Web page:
Book Review: An Ideal Retreat by Michael Griffin

“Griffin’s command of language is clear: his prose is exquisite, his descriptions divine.”


An Ideal Retreat -Michael Griffin - coverAn accomplished and renowned author of Weird Horror, it is clear to see that Michael Griffin is going places. With short stories in Black Static, Apex and Strange Aeons to his name, as well as stories in the Shirley Jackson Award-nominated anthologies The Grimscribe’s Puppets (edited by Joseph S. Pulver Sr., 2013) and The Children of Old Leech (edited by Ross E. Lockhart and Justin Steele, 2014), and Word Horde releasing his debut collection The Lure of Devouring Light this year, he is quickly establishing himself as a master of the genre.

With his latest release, the novella An Ideal Retreat, from Dim Shores, Griffin again displays his love for the Weird. There are no conventional monsters to be found in this story; the horrors held within are very human in nature. We are immediately introduced to our narrator, Noone Raddox, at once equal parts relatable and unreliable, as she drives alone towards the old, run-down shack of her husband’s family. We quickly realise that she isn’t just making the journey through a sense of duty towards the family, but that she is actually escaping from a convenient yet unfulfilling marriage to Ian. Despite her attempts to reconcile her husband’s behaviour with the idea that he is spending so much time at work to afford her a life of leisure, she is gradually coming to the realisation that she is no longer in control of her own life, has not been for some time. So she is all too happy to take this opportunity to have some time to herself and get her mind in order, even if it does mean driving four hours from her home to check on the old holiday home that has only recently been vacated by her brother-in-law, Jodah, the black sheep who has spent most of his life in one scrape or another, rehab or a state of desperation.

This is one area where Griffin excels at his craft; he can clearly portray the very human side of his characters without resorting to stereotypes. He paints a three-dimensional landscape and fills it with three-dimensional characters with depth and flaws that the reader can recognise from their own experiences. Noone is in no way perfect and this is shown through her growing dependence on pills and wine. She describes hearing a voice. Despite it being her own inner monologue, she doesn’t seem to have much control over it, constantly finding herself at odds with her own conscience. All of this throws into doubt her strange experiences which begin when she arrives at the “shack” to find a modern and immaculate two-storied home surrounded by a sculptured landscape and beautiful gardens. Despite questioning her own perceptions and thinking she may have the wrong address, she double checks the house number and manages to open the front door with the keys that Ian provided.

But the outward appearance of the ideal retreat is only the beginning of the strange occurrences. At first, Noone feels herself rejuvenated by the seemingly tailored surroundings and the kitchen that always has her favourite food (and wine) and fully stocked medicine cabinet. But Griffin is always layering the story with moments of creeping terror that leave us questioning Noone’s sense of reality. Did the scary thing she thinks just happened really just happen? Or is it just the booze and Xanax playing tricks? The events soon take a devious turn when Noone gains entry to the ancient basement of the building and finds that she is not alone, and some of her questions are answered, for better or worse. Will the answers bring her peace and allow her to return to her husband with a clear mind? Or will she come to an altogether different end? Or will it be something completely unexpected? Given the kind of stories that Griffin has become known for, it will not be straightforward, or boring.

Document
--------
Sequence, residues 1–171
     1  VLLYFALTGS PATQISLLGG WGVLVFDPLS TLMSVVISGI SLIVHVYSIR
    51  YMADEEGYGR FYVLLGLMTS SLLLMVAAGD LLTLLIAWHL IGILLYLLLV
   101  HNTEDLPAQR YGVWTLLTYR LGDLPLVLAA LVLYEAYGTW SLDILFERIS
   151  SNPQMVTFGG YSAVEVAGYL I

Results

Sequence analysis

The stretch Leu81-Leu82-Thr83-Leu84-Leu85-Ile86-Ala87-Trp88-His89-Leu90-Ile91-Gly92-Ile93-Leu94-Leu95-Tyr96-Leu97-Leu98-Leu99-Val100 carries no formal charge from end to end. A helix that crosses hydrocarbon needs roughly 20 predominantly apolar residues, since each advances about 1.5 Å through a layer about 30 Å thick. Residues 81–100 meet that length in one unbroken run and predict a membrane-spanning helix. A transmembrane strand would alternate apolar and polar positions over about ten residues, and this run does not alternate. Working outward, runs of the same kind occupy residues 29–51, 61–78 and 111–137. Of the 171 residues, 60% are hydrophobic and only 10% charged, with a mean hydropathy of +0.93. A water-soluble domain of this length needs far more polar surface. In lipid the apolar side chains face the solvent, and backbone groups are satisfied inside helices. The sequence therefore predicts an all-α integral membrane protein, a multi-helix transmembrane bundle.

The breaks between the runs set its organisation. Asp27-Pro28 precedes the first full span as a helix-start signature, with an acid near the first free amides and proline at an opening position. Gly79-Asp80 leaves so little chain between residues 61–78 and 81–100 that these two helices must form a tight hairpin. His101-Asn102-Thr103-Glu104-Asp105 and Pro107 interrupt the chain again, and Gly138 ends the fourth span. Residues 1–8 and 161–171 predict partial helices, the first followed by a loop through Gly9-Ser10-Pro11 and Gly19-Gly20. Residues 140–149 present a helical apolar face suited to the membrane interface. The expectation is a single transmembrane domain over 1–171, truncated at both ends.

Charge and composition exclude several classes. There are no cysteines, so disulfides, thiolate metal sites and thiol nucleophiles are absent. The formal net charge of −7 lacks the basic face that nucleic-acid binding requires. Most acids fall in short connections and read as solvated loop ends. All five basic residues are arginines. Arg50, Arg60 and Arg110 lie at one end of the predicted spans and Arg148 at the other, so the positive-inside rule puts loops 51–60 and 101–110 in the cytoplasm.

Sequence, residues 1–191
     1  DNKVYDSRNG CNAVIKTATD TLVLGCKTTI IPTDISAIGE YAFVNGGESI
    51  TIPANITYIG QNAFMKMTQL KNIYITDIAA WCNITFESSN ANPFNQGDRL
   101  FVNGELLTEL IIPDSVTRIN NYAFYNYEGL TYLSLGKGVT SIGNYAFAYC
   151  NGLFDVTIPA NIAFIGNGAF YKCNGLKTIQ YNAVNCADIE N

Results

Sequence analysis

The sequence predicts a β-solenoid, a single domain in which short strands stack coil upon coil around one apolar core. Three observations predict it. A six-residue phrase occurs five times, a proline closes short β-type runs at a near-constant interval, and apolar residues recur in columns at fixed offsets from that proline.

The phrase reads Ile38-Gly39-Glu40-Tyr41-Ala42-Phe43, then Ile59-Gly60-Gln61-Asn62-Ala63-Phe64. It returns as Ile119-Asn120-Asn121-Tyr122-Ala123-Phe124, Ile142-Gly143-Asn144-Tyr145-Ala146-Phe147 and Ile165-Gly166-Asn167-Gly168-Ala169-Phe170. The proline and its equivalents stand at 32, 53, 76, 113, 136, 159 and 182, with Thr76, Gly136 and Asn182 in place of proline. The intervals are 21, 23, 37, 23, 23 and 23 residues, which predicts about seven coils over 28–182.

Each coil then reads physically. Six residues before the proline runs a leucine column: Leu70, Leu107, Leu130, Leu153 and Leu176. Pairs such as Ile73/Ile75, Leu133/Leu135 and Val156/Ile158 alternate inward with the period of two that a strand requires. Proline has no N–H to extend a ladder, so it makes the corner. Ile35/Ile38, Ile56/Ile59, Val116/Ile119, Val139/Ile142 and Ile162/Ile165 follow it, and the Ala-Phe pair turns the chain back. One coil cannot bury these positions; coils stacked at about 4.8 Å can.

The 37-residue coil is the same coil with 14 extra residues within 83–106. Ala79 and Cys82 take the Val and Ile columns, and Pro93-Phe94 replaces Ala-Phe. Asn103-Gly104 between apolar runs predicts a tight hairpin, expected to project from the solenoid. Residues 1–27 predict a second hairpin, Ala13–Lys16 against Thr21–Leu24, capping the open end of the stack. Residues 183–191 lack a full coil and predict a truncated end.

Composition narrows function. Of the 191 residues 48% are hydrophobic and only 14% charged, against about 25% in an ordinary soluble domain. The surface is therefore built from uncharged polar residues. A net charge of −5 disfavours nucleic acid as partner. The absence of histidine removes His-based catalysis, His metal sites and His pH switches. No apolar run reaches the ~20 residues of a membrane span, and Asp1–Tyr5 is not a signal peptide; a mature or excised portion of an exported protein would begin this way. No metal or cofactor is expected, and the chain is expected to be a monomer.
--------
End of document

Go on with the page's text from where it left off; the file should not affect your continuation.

It’s not just the story and conclusion that will leave you breathless. Griffin’s command of language is clear; his prose is exquisite, his descriptions divine. His style is sometimes poetic, sometimes hypnotic, always entertaining. For example:

“But what mattered more than illumination in darkness was that not an hour went by without Noone uncovering some new aspect, some detail previously overlooked and now revealed to be interesting or useful in a way never before realized.”


“Whatever encyclopedia of unresolved issues and compromises had diminished her life back home, here in this new unknown, submerged within the biting hot protection of the water, she remained beyond harm, unassailable.”

Not only do these passages present us with information relevant to the character’s state of mind and the direction of the story, but it does so in such a beautiful way that we can’t help but go back and read them again, just to experience them one more time. They are the work of an author enjoying his craft and consistently producing the best work of his young career. The Horror community has another star shining bright in Mike Griffin and it’s to the benefit of horror readers everywhere. Long may the good work continue.


Publisher: Dim Shores
Paperback: (112pp)
Release Date: 22 November 2016

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